Will Argyll & Bute still receive EU funding?

European Union flag outside Holyrood.
European Union flag outside Holyrood.

A report has called for clarity on whether Argyll and Bute will continue to receive vital funding after the UK leaves the European Union.

An inquiry is currently being conducted into how the EU Structural Fund will be allocated around Scotland after Brexit. And Argyll and Bute Council officers have told the Scottish Parliament’s finance and constitution committee of their vision for how the fund is allocated. The response to MSPs has been submitted subject to the approval of the council’s environment, development and infrastructure committee this Thursday (June 6).

A report by executive director of development and infrastructure Pippa Milne said: “One of the key issues for Argyll and Bute is that the approach and systems used for EU structural fund allocation, implementation and delivery can be improved upon to ensure the UK Shared Prosperity Fund [UKSPF] provides additional funding that is apportioned in a fair and transparent manner.

“Such an approach should give priority to the identified development needs of Argyll and Bute as a region with many fragile local economies, where in turn there is a clear ambition to address such challenges and enable sustainable economic growth.

“Importantly for Argyll and Bute, clarity is required on whether rural development support will be part of the UK Shared Prosperity Fund (UKSPF) or whether the new support for rural Scotland will have a community empowerment instrument for non-farming activities that would replace the current LEADER programme.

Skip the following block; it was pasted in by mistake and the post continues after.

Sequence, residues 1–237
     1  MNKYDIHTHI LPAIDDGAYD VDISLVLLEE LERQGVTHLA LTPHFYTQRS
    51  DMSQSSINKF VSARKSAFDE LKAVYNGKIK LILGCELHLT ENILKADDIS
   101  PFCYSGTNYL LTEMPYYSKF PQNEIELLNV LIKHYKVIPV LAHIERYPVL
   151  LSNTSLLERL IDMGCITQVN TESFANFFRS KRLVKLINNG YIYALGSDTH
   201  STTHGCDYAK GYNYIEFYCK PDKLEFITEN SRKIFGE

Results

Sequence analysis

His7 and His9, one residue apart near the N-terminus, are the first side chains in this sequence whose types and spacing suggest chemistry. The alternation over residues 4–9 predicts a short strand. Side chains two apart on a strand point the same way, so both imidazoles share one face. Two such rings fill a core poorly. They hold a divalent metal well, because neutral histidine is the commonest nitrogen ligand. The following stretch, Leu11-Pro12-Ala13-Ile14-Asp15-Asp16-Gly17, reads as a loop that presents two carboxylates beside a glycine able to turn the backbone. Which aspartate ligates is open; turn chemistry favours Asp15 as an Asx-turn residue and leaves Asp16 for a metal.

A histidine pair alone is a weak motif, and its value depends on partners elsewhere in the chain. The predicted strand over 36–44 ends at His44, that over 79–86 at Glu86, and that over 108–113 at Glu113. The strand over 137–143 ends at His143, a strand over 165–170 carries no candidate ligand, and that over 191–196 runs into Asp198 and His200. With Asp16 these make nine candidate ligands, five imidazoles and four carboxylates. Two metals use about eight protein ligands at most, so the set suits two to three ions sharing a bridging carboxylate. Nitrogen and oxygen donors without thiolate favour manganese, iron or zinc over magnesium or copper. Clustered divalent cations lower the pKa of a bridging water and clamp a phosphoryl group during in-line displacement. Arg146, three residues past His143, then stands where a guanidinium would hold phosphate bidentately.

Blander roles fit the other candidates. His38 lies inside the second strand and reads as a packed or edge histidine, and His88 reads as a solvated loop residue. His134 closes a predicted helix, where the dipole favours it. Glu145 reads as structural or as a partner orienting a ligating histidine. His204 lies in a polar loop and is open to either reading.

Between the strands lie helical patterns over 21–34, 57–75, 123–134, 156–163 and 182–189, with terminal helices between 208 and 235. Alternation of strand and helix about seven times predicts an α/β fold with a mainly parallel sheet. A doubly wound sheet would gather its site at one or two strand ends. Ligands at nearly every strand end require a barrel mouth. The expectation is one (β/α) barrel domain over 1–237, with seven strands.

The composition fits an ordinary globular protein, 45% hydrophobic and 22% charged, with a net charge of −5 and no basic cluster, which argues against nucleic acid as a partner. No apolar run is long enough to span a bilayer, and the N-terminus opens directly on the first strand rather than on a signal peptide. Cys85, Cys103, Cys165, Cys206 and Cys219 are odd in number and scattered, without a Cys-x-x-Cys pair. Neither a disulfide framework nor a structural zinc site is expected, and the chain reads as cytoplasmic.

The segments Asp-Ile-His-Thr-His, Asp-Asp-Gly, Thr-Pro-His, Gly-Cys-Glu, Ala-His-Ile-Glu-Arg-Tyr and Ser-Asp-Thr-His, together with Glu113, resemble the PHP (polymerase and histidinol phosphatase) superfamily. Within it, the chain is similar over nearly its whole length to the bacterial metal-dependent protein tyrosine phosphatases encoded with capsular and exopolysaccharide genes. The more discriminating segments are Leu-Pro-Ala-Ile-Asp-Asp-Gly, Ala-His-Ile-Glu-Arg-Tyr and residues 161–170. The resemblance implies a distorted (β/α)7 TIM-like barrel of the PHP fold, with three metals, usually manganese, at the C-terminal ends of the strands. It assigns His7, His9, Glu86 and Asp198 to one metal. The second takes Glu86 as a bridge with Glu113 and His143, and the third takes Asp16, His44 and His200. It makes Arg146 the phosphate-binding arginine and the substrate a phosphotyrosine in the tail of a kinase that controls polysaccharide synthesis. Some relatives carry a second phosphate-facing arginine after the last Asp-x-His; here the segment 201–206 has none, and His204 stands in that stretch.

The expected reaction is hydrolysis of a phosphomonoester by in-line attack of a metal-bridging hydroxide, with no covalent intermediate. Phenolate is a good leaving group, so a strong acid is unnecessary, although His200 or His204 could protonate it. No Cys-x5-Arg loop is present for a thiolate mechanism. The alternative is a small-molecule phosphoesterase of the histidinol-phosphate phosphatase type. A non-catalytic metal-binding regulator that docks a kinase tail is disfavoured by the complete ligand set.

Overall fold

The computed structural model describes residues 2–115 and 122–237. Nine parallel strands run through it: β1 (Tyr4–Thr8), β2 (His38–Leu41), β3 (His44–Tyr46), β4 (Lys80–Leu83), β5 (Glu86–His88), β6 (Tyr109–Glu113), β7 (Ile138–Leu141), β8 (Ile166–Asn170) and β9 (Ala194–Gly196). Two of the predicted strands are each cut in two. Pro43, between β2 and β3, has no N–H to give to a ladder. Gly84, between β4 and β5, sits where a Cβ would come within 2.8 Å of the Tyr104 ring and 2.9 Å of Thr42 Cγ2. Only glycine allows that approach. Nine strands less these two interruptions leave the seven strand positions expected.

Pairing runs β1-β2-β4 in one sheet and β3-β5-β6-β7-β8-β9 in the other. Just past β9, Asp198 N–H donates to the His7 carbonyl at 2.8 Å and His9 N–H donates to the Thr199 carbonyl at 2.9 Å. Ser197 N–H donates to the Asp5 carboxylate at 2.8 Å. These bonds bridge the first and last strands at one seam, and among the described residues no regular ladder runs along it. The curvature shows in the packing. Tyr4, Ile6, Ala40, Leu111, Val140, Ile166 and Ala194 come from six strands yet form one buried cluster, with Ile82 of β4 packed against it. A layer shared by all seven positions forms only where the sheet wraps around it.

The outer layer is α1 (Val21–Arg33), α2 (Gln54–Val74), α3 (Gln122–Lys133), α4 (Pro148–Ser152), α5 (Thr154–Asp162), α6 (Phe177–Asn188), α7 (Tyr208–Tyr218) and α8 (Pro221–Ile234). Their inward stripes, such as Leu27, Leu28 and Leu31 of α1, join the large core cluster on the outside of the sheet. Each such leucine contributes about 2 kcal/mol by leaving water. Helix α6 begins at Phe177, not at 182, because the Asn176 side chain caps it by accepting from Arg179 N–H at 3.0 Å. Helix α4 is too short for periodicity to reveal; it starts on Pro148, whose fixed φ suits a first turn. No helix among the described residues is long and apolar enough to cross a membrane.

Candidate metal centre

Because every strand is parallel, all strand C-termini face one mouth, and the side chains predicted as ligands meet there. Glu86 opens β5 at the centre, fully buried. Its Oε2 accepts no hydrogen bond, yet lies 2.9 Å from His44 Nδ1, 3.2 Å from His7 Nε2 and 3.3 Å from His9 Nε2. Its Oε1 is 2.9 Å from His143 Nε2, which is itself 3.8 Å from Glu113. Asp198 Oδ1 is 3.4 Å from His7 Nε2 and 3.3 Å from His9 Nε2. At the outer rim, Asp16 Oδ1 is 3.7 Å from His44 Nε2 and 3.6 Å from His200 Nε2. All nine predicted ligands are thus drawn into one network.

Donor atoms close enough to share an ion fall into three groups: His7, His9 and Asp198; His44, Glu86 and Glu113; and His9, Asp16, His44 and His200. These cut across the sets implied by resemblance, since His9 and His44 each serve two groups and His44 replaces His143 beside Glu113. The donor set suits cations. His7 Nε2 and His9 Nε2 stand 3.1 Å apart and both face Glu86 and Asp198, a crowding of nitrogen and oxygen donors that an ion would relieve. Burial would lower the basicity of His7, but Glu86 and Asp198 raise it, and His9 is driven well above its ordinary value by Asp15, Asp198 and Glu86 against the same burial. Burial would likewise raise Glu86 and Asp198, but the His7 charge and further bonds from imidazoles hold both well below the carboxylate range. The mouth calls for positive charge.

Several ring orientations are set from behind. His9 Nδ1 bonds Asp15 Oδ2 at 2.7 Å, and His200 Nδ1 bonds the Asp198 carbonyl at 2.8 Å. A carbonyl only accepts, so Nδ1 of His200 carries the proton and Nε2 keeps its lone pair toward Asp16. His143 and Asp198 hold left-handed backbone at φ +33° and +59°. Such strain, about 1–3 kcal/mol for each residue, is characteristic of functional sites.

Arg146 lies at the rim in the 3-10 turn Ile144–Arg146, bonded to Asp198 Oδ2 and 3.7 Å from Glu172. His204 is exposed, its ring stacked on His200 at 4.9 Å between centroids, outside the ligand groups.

“Likewise for the successor of the local development element of the current European Maritime and Fisheries Fund.”

The report adds that London accounted for 23.9 per cent of output generated from the UKSPF in 2017, an increase on 22.8 per cent in 2012.

A Labour MP described the lack of clarity over what would happen to the funding for Wales after Brexit as “maddening” earlier this year.

The council’s response to the Holyrood committee said: “The scale of the problem has not diminished nor is there any convincing evidence from recent economic trends to justify a substantial change in the share of resources allocated to Scotland. There is also a related point to make here regarding the need for a genuinely multi-annual approach in the design of the UK Shared Prosperity Fund (UKSPF) – this is not a topic that can effectively be addressed by a ‘quick fix’ approach.

“Furthermore, Argyll and Bute Council officers would have serious concerns if the fund was designed on a UK wide challenge fund basis as this could distort the intention of the UKSPF – promoting inclusive growth – by allocating on the basis of the availability of match funding rather than on need.”